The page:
2 Graduate Faculty Council Doc No. 868 p. 2 Tabled October 15, 2001 planning, principles of measurement and evaluation, accessible instructional design, and cognition and learning. The curricular foundations core will address principles of curriculum design, curriculum and instruction in urban settings, school technology curriculum, and staff development. The technology systems core will focus on distance based learning using emerging technologies, and hardware and software applications for enhancing learning or student productivity. The content of each of the core areas should be considered dynamic and evolving in an effort to represent the rapidly development in technology and its application to education. Drawing upon the Wisconsin Model Academic Standards for Technology and the International Society for Technology in Education s National Educational Technology Standards, the following competencies will serve as the outcomes of the Instructional Technology Masters Degree program: Understand educational technology is the theory and practice of design, utilization, management and evaluation of processes and resources for learning. Understand the potential risks in the use of technology with diverse populations, recognize and locate resources that will minimize these risks, and advance instructional design and school district policies that address these risks. Possess knowledge of the use of telecommunications and on-line resources (e.g., , online discussions, web environments) to develop problem-solving instruction to develop solutions or products for diverse audiences inside and outside the classroom. Determine when technology is useful and select the appropriate tool(s) (including assistive technologies) and technology resources to address a variety of tasks and problems in multicultural, urban classrooms. Evaluate the accuracy, relevance, appropriateness, comprehensiveness, and bias of electronic information sources. Apply strategies for identifying and solving routine hardware and software problems that occur within the classroom. Possess knowledge of on-line distance education tools and be capable of constructing instructional activities that serve as an adjunct to classroom learning. Possess knowledge of problem-based learning and construct instructional activities that allow students to apply emerging technologies for research, information analysis, and decision-making that recognize diverse points of view.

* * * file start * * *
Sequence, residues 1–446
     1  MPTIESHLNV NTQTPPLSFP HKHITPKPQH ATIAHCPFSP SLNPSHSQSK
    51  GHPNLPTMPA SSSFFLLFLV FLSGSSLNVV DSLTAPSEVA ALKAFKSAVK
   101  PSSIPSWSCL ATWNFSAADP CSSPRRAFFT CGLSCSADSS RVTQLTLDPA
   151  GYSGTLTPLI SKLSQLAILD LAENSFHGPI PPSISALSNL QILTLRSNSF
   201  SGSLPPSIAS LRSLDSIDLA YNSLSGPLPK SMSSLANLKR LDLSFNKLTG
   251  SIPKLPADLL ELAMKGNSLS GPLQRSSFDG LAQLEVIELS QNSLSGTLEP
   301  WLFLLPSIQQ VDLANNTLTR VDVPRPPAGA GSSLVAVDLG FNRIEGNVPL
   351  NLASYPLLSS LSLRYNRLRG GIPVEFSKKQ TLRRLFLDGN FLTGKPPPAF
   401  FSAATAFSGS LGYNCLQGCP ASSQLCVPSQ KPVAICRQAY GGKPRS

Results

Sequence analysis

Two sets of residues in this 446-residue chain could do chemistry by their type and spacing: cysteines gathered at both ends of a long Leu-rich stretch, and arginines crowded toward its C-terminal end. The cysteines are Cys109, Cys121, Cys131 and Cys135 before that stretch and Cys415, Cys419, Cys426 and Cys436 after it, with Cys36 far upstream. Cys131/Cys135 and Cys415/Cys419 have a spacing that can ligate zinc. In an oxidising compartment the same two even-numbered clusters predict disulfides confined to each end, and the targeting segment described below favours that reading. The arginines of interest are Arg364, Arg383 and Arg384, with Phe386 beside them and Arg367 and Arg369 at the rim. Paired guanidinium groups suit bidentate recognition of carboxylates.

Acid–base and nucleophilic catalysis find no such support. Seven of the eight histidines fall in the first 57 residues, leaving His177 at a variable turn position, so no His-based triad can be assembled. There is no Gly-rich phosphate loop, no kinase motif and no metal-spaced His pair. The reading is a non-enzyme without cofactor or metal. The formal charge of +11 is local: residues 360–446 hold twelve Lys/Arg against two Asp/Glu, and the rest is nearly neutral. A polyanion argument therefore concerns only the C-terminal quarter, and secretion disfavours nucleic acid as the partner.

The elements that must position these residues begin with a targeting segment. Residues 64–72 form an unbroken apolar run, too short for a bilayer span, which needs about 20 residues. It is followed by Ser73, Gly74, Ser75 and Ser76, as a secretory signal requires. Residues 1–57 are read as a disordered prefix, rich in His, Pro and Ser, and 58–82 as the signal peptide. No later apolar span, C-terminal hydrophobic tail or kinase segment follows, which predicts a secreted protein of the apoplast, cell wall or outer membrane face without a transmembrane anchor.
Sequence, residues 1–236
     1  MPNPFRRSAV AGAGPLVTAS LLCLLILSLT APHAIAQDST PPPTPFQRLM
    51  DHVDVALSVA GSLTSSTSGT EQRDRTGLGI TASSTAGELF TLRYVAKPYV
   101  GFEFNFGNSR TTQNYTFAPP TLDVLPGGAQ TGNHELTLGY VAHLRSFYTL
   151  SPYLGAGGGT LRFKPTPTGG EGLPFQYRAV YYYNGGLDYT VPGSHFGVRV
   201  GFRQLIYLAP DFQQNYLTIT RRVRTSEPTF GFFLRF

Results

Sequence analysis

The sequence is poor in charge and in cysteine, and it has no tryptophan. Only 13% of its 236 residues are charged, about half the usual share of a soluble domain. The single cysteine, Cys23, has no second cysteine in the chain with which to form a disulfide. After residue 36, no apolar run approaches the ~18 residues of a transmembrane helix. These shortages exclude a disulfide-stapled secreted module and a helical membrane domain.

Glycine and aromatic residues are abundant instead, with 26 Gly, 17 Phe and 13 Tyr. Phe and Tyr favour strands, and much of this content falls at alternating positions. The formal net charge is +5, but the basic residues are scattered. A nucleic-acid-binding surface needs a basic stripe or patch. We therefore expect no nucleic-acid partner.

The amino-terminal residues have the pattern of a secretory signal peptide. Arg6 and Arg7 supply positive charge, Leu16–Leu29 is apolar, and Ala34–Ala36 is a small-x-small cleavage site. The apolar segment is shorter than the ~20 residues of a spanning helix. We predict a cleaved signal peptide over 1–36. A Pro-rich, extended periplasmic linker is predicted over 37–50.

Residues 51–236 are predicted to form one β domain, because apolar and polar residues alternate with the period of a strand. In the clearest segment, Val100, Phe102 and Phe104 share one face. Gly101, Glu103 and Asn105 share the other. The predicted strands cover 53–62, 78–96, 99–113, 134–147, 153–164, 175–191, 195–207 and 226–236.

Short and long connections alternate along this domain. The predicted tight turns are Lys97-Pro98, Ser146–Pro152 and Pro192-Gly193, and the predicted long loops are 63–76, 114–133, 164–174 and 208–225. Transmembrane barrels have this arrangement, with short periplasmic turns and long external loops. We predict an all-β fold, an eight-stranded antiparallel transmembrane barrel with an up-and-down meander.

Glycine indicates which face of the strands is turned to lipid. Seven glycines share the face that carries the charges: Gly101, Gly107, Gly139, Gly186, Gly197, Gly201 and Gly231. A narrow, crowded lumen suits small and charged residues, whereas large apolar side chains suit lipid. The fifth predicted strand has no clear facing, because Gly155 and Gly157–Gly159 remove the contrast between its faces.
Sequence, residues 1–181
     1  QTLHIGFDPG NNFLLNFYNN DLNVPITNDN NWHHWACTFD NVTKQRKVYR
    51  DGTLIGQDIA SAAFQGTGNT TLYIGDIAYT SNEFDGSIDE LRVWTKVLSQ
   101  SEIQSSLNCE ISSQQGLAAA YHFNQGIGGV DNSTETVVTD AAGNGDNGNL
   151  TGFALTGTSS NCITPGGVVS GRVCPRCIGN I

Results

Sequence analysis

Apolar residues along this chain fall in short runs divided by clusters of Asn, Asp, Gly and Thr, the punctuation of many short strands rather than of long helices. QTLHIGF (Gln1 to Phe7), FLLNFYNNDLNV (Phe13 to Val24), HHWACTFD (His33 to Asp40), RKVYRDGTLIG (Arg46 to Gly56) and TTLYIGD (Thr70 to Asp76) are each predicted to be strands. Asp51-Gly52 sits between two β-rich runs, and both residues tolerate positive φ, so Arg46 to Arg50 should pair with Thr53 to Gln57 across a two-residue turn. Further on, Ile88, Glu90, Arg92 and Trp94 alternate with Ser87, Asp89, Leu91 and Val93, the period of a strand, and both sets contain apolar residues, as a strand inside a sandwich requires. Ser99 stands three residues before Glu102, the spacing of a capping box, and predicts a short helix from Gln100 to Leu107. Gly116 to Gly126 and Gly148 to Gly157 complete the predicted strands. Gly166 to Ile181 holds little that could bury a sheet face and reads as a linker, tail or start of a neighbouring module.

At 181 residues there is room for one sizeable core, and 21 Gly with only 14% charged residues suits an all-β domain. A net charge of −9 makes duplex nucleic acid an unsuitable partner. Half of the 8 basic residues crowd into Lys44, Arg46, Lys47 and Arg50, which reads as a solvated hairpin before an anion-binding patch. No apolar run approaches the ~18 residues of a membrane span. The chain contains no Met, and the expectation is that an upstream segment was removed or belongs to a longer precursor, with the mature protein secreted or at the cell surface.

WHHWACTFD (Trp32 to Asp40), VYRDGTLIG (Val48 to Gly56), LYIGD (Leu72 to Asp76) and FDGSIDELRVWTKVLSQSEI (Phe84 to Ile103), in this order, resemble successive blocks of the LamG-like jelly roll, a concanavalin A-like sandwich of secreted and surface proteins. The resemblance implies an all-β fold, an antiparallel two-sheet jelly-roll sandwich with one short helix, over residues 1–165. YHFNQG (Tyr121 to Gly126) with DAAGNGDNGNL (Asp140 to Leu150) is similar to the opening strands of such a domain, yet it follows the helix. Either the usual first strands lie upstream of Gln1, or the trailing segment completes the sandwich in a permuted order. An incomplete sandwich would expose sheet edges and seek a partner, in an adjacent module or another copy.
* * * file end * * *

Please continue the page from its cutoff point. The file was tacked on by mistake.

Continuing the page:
3 Graduate Faculty Council Doc No. 868 p. 3 Tabled October 15, 2001 Acquire knowledge of professional growth and development resources available through software, and on-line resources. Acquire knowledge of multiple approaches to evaluating students; use of technology and construct evaluation measures for students. Plan for the development, management, and evaluation of technology resources in classrooms. Acquire knowledge of approaches to support learner-centered strategies that address the various cultural, social, and economic backgrounds of students as well as the application of technology for students with special needs. Recognize issues related to equitable access and applications of technology in urban communities and advocate approaches that address issues of equitable access. Coordinate the use of instructional technologies with the School Library Specialist and other related service personnel. Degree Requirements The Masters of Science Degree in Instructional Technology will be 33 credits beyond the bachelor s degree. Among these credits, three will be in an internship program in an educational setting that will serve as the context for the production of a master s paper. The remaining 30 credits will consist of coursework in three core areas. Students will be required to maintain a cumulative grade point average of 3.0 for all coursework in the program. Core Courses Instructional Technology Systems (12 credits as follows:} 272-XXX Research and Theory of Instructional Technology Environments (3 credits) 272-XXX Construction and Evaluation of Technology Based Instructional Technology Environments (3 credits) 272-XXX Educational Technology Systems Design ( 3 credits)